Only a month after Batman faced Superman in DC's pre-Justice League crossover movie, Marvel graces us with Captain America: Civil War, bringing to the screen a sort of mini-Avengers movie steeped in Cap lore based on a classic comic-book storyline.
The film sees Captain America (Chris Evans) having to protect his friend-turned-Hydra pawn Bucky Barnes (Sebastian Stan) who may or may not have attacked the UN. Steve Rogers believes he may have been framed but, when half of The Avengers agree to the Sokovia Accords, a list of laws which would restrict their freedom to jump into action, things get somewhat more complicated and an elaborate manhunt is soon underway. Tony Stark (Robert Downey Jr.), after a blunder involving The Scarlet Witch (Elizabeth Olsen) taking out villain Crossbones with a lot of collateral damage, decides that the superteam should probably be held accountable for their destructive efforts but he quickly finds that convincing Captain America of that is not so easy. With the help of newcomer Black Panther (Chadwick Boseman), Iron Man catches The Winter Soldier but another villain, Zemo (Daniel Bruhl), gets involved and plots more division between the heroes.
As you can tell, this isn't exactly the most straight-forward storyline and, while it may be fascinating for fans of the comics and adults, younger viewers might find themselves not so taken by the politics and the serious thriller vibe. Having said that, the moment the action sequences kick in, everyone's eyes will certainly be wide open. There may not be too many of those but the few that there is are a lot of fun and one big rumble in particular is probably the best fight scene in any of Marvel's output. Tony Stark recruits the help of Spider-Man (Tom Holland) and there's something pretty glorious about not only seeing Peter Parker interact with Stark, but seeing him fight alongside Iron Man against Hawkeye, Captain America and the rest. Spidey's inclusion into the MCU is handled skilfully and it's easily one of the most joyful aspects of Civil War.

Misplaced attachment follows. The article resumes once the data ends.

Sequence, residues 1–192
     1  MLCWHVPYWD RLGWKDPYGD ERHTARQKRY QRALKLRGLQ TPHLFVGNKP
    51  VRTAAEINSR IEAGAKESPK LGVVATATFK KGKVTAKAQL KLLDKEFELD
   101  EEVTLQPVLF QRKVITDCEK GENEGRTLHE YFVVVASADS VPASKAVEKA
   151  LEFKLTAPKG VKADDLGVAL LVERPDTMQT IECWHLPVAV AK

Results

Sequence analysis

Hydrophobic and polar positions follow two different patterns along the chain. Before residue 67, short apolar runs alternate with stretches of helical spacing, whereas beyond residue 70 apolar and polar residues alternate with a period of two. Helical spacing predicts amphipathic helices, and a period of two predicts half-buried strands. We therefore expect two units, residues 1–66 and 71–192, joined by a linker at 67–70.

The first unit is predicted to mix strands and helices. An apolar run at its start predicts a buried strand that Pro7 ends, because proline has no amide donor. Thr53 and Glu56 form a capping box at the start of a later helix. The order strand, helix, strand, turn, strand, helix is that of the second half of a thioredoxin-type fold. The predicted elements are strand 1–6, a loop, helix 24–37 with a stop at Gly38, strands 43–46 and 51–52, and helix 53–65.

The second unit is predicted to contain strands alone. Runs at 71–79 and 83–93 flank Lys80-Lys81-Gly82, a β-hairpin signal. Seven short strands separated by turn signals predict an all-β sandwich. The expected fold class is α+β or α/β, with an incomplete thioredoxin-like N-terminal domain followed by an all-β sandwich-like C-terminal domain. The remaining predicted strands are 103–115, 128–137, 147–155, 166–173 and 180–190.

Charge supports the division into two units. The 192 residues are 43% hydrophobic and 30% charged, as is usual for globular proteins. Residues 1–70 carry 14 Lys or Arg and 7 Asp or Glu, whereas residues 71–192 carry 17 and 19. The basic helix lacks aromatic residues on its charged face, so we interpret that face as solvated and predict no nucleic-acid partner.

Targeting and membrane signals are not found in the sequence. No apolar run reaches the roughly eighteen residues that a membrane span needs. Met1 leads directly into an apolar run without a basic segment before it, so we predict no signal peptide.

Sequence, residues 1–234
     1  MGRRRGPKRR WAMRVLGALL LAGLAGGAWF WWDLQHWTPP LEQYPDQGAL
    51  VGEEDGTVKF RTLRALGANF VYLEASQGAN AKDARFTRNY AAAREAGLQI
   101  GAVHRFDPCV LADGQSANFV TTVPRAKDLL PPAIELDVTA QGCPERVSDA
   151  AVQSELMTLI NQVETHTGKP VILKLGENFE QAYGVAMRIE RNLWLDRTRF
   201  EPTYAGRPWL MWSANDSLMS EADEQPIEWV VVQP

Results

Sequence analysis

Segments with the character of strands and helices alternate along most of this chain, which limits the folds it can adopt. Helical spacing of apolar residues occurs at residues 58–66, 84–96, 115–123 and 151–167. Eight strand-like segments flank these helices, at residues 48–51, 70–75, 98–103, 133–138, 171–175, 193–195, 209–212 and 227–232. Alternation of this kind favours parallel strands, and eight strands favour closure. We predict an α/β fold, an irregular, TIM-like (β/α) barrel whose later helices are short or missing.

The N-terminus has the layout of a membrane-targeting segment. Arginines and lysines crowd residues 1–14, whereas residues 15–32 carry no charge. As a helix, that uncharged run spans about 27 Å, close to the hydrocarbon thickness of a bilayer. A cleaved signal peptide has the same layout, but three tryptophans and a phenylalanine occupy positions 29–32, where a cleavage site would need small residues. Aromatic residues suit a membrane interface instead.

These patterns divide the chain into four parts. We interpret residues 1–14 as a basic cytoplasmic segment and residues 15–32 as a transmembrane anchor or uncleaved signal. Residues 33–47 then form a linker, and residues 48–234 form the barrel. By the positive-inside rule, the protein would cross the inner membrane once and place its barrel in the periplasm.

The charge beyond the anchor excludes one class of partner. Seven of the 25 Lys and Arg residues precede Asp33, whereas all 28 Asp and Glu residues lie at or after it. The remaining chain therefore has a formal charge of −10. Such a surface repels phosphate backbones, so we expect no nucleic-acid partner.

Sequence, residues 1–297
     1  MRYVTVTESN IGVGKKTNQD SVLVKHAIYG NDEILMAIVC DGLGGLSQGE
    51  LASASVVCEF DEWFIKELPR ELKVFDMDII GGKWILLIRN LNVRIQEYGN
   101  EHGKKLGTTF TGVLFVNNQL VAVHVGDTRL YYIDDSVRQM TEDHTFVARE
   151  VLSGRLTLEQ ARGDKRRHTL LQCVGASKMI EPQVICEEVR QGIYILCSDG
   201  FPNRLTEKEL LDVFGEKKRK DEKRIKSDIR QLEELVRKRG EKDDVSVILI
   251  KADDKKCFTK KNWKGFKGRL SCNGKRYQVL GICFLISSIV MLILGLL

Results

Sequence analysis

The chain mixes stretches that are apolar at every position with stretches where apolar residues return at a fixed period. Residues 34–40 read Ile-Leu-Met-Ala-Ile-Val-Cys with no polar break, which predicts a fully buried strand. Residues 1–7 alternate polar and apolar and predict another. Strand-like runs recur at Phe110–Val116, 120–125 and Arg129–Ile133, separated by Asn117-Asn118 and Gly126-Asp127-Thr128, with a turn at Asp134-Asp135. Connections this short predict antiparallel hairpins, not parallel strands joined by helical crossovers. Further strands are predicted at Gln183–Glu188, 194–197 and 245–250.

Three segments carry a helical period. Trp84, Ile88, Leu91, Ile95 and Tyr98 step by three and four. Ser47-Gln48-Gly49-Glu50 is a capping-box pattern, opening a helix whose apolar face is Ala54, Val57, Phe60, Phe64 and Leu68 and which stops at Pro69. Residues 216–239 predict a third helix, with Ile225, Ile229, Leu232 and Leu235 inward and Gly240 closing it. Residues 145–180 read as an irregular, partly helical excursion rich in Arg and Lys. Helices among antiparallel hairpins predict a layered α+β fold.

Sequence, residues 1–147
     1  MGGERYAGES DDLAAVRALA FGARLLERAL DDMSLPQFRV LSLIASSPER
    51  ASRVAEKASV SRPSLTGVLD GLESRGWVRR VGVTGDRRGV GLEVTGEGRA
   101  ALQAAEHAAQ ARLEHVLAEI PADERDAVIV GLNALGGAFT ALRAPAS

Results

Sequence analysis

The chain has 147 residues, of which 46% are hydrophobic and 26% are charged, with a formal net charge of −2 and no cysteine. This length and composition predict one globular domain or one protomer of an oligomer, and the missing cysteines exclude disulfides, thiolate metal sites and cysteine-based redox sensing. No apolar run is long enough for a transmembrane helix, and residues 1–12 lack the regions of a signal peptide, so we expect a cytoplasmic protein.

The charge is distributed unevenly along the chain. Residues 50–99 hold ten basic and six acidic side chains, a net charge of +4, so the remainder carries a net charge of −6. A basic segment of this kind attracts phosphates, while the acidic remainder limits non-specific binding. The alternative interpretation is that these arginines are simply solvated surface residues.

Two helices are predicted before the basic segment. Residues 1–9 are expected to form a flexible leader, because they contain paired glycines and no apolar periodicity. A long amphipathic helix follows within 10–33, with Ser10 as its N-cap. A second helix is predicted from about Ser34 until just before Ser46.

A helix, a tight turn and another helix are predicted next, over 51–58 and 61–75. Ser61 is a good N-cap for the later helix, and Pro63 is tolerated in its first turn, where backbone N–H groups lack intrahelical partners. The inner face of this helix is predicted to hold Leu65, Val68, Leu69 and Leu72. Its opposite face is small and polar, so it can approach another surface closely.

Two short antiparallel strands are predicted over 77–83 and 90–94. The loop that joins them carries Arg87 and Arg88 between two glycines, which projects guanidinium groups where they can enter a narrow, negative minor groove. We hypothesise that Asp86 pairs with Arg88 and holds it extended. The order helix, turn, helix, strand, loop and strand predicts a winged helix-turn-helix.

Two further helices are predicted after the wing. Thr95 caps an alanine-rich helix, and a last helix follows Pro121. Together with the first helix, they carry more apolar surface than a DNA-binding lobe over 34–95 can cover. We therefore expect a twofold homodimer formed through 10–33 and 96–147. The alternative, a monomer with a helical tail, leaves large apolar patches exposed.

I also applaud the writers for managing to include so much character development in a movie this busy, something the Avengers movies usually steer away from prioritising big set-pieces instead. You even get a glimpse of the whole Scarlet Witch/Vision romance. The film's take on Zemo is much more low-key than in the comics but it works: seeing such a meek everyman destroy the superhero team from within all by himself is really interesting and is far more subtle and effective than what Loki was trying in The Avengers. Don't expect him to put on that purple mask, though. The film offers some welcome surprises, a big one having to do with Ant-Man (Paul Rudd), and it gives everyone their moment to shine from more familiar faces to new recruits building-up to a one hell of a one-on-one fight.
Packed with tons and tons of delightful fan service, lots of action and character tensions, Civil War completes the Captain America trilogy in style making it the best superhero trio of films since The Dark Knight trilogy. This is a fun, if at times very serious, crossover film which comic-book fans and those who like the Avengers movies should really enjoy. Younger viewers might be tad put off by the long running time and heavy plotting but even they will have a great time once the punching, the kicking and the webbing starts.
Quite simply: a treat.